Afghan Commander Calls For New Strategy

The top U.S. commander in Afghanistan has submitted a report assessing progress in the war there. The report that Gen. Stanley McChrystal sent to top officials at the Pentagon and NATO asserts that the situation in Afghanistan remains "serious," but that "success is achievable."

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ARI SHAPIRO, host:

This is MORNING EDITION from NPR News. I'm Ari Shapiro.

RENEE MONTAGNE, host:

And I'm Renee Montagne.

We're going to look, now, at war and politics in Afghanistan. We still don't have a winner in last month's presidential election and the claims of fraud are rolling in. We'll get an update on that in a moment.

SHAPIRO: But first, the top U.S. general in Afghanistan completed a major strategic review of the war there. General Stanley McChrystal's report landed on the desk of Defense Secretary Robert Gates yesterday. It did not address one central question: are more U.S. troops needed? Gates said he made it clear he wanted an honest assessment of the war.

Secretary ROBERT GATES (Department of Defense): We have been very explicit that General McChrystal should be forthright in telling us what he needs in order to accomplish the mission that he has been given, and we will look at his assessment and then we will look at the resource recommendations that he makes.

SHAPIRO: A request for more troops could come within a week. NPR Pentagon correspondent, Tom Bowman has been following this story and he joins us now. Good morning.

TOM BOWMAN: Good morning, Ari.

SHAPIRO: Well, Secretary Gates talked about what he called resource recommendations. How likely is it that there will be a request for more troops?

BOWMAN: Well, it seems likely General McChrystal asked for more troops. That's what we're hearing from a number of sources. And we're told that McChrystal will likely come up with several options, ranging from, let's say, one to two brigades to maybe four or more brigades. And a brigade is roughly 4000 soldiers. But what we're hearing is that any new troops probably won't arrive until probably next year, even if they are approved. Already you have a brigade of the 82nd Airborne Division heading into Afghanistan to train Afghan forces. They're not even slated to arrive for a few more weeks. And also, Gates likes to point out that, listen, we've already approved a number of troops and they are still flowing in.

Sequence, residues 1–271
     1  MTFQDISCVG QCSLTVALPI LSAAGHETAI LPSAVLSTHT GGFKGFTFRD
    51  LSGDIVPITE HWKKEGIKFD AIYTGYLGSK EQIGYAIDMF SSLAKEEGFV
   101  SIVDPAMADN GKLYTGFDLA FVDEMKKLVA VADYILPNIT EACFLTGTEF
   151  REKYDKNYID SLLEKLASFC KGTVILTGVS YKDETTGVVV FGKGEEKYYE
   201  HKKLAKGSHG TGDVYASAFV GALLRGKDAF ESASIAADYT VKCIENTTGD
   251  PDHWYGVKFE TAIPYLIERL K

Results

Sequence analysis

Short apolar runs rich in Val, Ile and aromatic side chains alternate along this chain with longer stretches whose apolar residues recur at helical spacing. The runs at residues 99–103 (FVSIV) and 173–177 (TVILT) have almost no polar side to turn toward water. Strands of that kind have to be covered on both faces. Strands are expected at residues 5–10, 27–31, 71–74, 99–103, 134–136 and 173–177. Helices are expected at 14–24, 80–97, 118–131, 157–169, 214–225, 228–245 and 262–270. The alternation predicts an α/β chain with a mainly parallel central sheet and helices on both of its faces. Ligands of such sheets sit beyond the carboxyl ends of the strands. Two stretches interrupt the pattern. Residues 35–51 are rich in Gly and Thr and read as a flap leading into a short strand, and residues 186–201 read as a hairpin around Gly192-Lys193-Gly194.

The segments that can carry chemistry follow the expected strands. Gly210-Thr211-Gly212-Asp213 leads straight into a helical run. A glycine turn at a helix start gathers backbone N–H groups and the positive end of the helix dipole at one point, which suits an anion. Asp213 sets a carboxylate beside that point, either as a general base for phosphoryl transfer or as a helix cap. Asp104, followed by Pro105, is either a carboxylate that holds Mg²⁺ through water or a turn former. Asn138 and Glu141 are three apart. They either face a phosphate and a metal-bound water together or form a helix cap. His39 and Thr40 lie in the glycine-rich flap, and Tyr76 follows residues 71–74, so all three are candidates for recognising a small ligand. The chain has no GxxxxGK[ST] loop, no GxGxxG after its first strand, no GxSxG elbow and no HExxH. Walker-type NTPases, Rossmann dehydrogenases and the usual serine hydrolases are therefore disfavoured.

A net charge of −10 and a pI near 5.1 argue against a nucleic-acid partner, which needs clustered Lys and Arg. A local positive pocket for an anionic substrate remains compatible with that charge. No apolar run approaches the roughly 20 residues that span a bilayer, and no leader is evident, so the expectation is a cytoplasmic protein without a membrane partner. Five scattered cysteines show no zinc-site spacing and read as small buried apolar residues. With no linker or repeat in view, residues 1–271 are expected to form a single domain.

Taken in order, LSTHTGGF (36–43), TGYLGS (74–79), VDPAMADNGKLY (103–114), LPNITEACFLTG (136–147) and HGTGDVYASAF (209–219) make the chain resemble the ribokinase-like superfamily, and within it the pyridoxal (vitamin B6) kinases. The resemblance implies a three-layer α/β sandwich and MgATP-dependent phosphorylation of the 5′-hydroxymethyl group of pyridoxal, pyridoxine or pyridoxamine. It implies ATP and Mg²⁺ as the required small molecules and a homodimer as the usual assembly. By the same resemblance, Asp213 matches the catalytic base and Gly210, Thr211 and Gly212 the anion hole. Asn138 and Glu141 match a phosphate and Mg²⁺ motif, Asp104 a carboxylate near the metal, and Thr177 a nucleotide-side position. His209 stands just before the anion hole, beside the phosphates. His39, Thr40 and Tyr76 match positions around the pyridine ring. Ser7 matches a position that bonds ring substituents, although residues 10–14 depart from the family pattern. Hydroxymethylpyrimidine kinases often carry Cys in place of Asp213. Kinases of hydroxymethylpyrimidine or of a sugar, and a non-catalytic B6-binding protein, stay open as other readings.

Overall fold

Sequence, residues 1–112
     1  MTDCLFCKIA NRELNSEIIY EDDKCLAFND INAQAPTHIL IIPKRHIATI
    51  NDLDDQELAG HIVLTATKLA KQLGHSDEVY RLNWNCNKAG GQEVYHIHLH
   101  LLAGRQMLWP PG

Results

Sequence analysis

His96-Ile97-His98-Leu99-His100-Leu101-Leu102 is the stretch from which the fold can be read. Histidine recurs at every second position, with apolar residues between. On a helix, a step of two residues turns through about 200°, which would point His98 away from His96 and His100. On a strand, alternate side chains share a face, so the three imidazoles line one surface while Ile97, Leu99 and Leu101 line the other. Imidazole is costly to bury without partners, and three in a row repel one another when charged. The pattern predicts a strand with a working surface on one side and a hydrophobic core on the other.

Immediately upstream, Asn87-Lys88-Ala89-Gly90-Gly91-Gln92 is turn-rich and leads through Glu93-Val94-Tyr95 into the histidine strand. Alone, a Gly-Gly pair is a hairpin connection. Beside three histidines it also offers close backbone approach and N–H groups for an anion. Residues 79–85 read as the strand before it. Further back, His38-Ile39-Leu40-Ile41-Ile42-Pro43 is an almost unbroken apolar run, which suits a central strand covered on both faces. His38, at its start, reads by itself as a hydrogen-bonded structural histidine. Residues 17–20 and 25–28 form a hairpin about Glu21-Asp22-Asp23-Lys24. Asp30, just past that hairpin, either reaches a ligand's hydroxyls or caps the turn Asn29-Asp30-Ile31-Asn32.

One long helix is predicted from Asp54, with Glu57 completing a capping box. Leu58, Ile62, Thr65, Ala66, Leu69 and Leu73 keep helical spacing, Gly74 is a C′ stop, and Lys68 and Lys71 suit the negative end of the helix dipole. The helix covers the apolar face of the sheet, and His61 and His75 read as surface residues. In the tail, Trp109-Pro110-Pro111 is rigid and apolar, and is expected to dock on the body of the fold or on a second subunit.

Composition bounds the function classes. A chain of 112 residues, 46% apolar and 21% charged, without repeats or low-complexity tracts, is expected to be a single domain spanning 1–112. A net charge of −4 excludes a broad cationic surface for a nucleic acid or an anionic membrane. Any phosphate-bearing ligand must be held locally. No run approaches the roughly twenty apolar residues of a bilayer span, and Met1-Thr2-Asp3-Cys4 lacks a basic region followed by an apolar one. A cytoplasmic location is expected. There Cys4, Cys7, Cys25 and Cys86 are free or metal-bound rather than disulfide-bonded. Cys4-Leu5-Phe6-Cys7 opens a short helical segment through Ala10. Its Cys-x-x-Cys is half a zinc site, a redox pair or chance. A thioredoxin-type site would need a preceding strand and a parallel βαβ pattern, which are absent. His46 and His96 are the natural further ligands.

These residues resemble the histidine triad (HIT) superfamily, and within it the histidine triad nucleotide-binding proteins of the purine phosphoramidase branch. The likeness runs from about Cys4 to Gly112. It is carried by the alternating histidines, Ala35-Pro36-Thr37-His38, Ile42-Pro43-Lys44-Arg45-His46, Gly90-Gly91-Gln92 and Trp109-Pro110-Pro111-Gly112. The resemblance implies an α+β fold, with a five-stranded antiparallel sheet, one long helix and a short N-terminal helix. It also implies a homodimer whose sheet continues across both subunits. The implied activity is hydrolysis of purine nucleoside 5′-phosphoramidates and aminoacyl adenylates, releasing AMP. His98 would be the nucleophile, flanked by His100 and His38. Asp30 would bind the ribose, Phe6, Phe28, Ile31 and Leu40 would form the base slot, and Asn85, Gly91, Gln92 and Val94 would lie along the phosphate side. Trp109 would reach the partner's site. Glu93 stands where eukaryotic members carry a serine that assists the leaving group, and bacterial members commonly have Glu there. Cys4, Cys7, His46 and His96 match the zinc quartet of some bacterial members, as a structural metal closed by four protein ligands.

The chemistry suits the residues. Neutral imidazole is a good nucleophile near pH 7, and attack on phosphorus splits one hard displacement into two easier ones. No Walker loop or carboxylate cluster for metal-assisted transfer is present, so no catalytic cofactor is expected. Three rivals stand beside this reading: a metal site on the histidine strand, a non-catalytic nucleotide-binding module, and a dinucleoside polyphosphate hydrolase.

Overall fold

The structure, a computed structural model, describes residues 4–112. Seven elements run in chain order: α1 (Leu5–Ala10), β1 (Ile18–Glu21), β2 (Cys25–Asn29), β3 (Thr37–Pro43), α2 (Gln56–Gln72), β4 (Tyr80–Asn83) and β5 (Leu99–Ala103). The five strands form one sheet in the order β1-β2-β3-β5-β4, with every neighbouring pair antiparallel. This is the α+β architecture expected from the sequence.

SHAPIRO: Well, if as you say he'll present a number of options, if there is a sense that if Washington chooses the low end, committing fewer troops, that that would make it harder to win the war in Afghanistan?

BOWMAN: Well, that's possible. I mean there are two things you keep hearing from Americans about. How many American troops are going to be needed? How long will it take to complete the job? And I think, McChrystal, in these options, will talk about risk. More troops means less risk, maybe faster training, a faster exit. Fewer troops means more risk and probably a longer war. But, clearly, you know, the Afghan army and police, they are just not ready to do the job yet of providing security. They don't have the numbers; they don't have the competence, according to U.S. officers. But Gates, you know, talking to reporters said he's worried about having too many foreign troops there, and how they'll be received by the Afghan people. This is also a concern they had in Iraq.

SHAPIRO: Well, you mentioned the Afghan army and police, what specifically does this new report say about what their role is and ought to be?

BOWMAN: Well, McChrystal wants to have a greater partnership with the Afghan forces; more mentoring from U.S. forces; putting more U.S. forces likely with Afghan military units as advisors; more operations together. And not a lot of detail yet, exactly how they want to pull this off, but one source tells me this is a fundamental shift. And of course part of all this is creating a much larger Afghan force, tens of thousands more soldiers and police.

SHAPIRO: But to train tens of thousands more soldiers and police requires a commitment of many American troops, wouldn't it?

BOWMAN: Absolutely. Yeah, they're going to need a lot more trainers and you keep hearing that from people over in Kabul and also people in Washington. If you want to double the size of the Afghan army and vastly increase the number of police, you are going to have to put a lot more trainers in there.

SHAPIRO: But just briefly, Tom, when you read this report what sense do you get of how the war is going?

BOWMAN: Well, clearly as McChrystal said it's very serious. He thinks it's achievable, but clearly a lot has to be done. More troops; closer working relationship with the Afghan forces; a lot more civilians going into help rebuild, that's another thing he is pushing for as well.

SHAPIRO: Thanks, that's NPR Pentagon correspondent Tom Bowman.

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